It is not unlike that Carver story. Or rather that night Rachel and I drank whiskey and acted out that Carver story. Even under the best of circumstances, Rachel—my birdlike friend, who spooks so easy—bumps into things. That night it was the medicine chest. Lotion and things kept falling into the sink. It’s like that Carver story. We were laughing. He knocks stuff out of the medicine chest. The story is called “Medicine Chest.” We laughed and everything kept falling off the shelves. No, the story is called: “Aspirin.” He’s looking for aspirin, and he’s just thwarted in this very specific sense. We laughed. “Sex,” Caren said, “is where you can save people from a panic attack and express mercy and worship and tenderness. [7]” I feel this way about laughter: sex without gravity or bodies, a way to make someone you love feel weightless. Rachel, my friend, looks like a kid leaping through a sprinkler when she’s laughing: her abandon, exquisite and ingenuous, so gleefully besieged, her head turned slightly away from me, like some animal, fervent and adorable, keeps licking her face. It isn’t really funny, is it? So, what made Carver—the real stuff, the serious stuffso hilarious to us? No one ever praised “Aspirin” or “Medicine Chest” for its light comedic tone as reviewers once praised Maud Martha for its light comedic tone. Rachel wrote of this in an essay published by Smokelong Quarterly[8] Gwendolyn Brooks’ novel, which dealt with bitterness, rage, and suppressed anger, along with sexism and racism, received “the kind of treatment,” wrote critic Mary Helen Washington, “that assured its dismissal.” Whimsical is what a critic might call it. Air. Our laughter. Capricious. A thing without reason. They’re mistaken. It is not a masquerade exactly either—not like a rock atop a mountain painted the color of a cloud. It is wearing that which never fit and tearing it. Like Zabina’s last speech in Tamburlaine the Great. She shreds the tyrant Tamburlaine’s discourse. As if no other language were available to her. A rage, which, Rachel wrote, is both a perversion and a pleasure. [9] Like putting lipstick on, until the antidote (or instigation of an illness [10]) is nothing but a nub.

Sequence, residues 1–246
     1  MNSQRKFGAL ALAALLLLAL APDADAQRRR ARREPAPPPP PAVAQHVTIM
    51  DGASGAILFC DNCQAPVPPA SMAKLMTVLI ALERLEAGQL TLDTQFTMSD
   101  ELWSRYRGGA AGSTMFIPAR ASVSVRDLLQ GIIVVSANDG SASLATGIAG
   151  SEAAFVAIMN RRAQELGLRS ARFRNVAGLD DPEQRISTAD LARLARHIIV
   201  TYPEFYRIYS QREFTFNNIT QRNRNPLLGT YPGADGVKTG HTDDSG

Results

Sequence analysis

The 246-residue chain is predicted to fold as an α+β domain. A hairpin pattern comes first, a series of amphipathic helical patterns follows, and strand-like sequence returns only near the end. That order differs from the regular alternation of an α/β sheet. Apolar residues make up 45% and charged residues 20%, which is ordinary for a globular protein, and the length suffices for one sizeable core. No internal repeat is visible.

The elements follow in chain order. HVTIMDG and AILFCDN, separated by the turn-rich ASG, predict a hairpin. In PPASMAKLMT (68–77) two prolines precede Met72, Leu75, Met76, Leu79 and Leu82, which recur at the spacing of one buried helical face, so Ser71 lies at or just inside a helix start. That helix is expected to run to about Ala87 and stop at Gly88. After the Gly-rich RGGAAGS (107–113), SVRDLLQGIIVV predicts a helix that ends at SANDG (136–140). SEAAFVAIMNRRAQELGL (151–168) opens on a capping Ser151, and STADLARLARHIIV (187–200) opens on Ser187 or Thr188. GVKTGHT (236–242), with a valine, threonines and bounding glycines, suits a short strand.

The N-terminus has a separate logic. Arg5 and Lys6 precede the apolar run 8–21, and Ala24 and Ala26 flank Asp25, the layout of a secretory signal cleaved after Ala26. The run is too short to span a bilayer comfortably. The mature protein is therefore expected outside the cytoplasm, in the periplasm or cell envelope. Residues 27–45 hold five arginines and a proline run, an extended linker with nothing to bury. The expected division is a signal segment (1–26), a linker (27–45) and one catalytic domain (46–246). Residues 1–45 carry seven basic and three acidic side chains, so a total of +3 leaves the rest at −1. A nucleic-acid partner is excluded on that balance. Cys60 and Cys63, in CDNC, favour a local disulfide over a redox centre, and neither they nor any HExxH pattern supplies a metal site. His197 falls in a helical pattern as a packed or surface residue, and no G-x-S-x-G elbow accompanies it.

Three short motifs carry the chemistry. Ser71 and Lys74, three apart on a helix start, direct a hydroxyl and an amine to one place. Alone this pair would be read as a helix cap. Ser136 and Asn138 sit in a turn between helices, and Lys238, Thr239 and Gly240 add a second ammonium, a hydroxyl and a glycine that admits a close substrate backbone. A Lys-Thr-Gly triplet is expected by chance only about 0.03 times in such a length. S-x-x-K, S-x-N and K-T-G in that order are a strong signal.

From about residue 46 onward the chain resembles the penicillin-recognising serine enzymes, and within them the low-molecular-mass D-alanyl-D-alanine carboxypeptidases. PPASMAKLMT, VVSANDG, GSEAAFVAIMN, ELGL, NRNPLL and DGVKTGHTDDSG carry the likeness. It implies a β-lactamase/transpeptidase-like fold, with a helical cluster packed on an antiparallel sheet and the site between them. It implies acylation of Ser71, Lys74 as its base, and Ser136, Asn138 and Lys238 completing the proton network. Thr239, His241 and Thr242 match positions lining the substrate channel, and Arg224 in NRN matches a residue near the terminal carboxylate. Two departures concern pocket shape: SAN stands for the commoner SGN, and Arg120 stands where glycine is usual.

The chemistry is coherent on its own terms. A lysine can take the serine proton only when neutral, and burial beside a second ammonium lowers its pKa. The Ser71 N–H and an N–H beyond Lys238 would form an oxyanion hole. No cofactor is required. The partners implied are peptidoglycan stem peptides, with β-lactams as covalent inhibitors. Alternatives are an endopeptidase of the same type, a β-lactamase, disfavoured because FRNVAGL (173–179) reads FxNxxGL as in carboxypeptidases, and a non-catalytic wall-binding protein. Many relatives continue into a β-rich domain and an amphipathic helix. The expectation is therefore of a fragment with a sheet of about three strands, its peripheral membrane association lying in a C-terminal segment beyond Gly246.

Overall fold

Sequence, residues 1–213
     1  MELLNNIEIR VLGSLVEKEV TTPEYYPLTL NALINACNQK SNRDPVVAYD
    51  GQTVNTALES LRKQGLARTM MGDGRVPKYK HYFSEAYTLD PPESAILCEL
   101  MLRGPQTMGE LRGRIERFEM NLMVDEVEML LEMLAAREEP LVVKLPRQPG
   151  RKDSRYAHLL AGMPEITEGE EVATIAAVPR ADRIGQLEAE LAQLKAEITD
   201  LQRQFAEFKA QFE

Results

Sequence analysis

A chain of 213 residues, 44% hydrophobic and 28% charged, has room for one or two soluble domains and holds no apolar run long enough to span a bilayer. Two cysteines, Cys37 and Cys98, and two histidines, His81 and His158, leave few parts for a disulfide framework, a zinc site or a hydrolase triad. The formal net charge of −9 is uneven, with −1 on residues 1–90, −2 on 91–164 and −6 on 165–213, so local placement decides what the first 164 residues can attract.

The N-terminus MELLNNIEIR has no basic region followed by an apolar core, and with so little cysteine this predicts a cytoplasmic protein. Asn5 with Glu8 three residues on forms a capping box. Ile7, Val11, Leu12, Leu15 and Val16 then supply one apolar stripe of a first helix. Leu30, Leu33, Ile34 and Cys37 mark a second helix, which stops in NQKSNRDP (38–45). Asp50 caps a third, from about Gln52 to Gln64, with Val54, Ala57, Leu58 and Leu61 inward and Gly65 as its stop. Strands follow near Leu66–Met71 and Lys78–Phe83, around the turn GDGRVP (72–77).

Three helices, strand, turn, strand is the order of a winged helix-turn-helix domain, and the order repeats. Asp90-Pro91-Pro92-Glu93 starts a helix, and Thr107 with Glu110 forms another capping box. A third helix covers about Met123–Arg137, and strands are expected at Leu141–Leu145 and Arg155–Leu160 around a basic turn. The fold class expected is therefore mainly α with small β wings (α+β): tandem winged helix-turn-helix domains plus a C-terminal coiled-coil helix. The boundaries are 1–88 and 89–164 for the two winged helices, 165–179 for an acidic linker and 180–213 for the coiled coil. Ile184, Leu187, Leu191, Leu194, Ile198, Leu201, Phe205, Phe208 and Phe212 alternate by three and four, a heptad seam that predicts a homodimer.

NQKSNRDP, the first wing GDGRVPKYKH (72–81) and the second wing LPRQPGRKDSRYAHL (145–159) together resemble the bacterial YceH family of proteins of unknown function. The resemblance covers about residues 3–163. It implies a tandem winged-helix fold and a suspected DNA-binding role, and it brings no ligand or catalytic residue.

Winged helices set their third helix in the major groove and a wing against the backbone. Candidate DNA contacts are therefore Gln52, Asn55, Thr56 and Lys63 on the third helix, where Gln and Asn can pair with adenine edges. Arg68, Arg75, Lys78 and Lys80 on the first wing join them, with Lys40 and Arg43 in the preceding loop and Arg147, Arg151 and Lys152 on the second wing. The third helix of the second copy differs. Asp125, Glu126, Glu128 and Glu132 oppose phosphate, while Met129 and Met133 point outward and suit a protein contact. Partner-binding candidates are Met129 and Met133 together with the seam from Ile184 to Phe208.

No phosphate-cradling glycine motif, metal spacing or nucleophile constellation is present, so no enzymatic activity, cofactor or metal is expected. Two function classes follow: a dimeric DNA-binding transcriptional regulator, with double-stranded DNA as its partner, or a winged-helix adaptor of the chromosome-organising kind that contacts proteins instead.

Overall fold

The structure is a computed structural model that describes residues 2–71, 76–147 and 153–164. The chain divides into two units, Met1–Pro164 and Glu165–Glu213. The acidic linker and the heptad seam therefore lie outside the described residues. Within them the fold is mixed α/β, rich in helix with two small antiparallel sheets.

Just then I was warming to the idea of dying alone, and the antidote presented itself: